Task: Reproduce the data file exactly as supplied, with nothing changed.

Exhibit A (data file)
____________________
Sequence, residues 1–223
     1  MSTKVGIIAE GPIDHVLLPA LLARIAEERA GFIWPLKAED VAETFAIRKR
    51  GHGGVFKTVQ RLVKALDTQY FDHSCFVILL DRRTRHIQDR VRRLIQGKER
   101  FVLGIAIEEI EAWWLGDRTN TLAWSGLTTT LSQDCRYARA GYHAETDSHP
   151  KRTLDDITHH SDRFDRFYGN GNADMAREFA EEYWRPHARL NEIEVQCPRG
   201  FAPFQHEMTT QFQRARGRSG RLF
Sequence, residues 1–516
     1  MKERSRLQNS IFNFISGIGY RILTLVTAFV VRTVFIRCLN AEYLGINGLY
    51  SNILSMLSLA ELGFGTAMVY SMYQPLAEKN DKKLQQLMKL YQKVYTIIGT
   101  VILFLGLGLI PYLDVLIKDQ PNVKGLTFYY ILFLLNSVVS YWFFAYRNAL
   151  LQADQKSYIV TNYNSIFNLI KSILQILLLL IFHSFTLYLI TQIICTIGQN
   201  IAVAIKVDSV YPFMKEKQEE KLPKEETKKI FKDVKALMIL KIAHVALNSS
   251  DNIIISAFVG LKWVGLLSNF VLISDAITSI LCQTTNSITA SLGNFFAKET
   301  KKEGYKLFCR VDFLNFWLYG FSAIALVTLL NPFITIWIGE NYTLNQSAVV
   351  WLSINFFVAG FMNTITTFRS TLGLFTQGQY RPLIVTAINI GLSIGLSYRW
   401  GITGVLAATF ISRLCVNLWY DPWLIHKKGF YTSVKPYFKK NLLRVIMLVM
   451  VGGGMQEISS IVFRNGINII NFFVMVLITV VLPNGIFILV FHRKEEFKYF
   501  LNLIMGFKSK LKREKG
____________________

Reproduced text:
Sequence, residues 1–223
     1  MSTKVGIIAE GPIDHVLLPA LLARIAEERA GFIWPLKAED VAETFAIRKR
    51  GHGGVFKTVQ RLVKALDTQY FDHSCFVILL DRRTRHIQDR VRRLIQGKER
   101  FVLGIAIEEI EAWWLGDRTN TLAWSGLTTT LSQDCRYARA GYHAETDSHP
   151  KRTLDDITHH SDRFDRFYGN GNADMAREFA EEYWRPHARL NEIEVQCPRG
   201  FAPFQHEMTT QFQRARGRSG RLF
Sequence, residues 1–516
     1  MKERSRLQNS IFNFISGIGY RILTLVTAFV VRTVFIRCLN AEYLGINGLY
    51  SNILSMLSLA ELGFGTAMVY SMYQPLAEKN DKKLQQLMKL YQKVYTIIGT
   101  VILFLGLGLI PYLDVLIKDQ PNVKGLTFYY ILFLLNSVVS YWFFAYRNAL
   151  LQADQKSYIV TNYNSIFNLI KSILQILLLL IFHSFTLYLI TQIICTIGQN
   201  IAVAIKVDSV YPFMKEKQEE KLPKEETKKI FKDVKALMIL KIAHVALNSS
   251  DNIIISAFVG LKWVGLLSNF VLISDAITSI LCQTTNSITA SLGNFFAKET
   301  KKEGYKLFCR VDFLNFWLYG FSAIALVTLL NPFITIWIGE NYTLNQSAVV
   351  WLSINFFVAG FMNTITTFRS TLGLFTQGQY RPLIVTAINI GLSIGLSYRW
   401  GITGVLAATF ISRLCVNLWY DPWLIHKKGF YTSVKPYFKK NLLRVIMLVM
   451  VGGGMQEISS IVFRNGINII NFFVMVLITV VLPNGIFILV FHRKEEFKYF
   501  LNLIMGFKSK LKREKG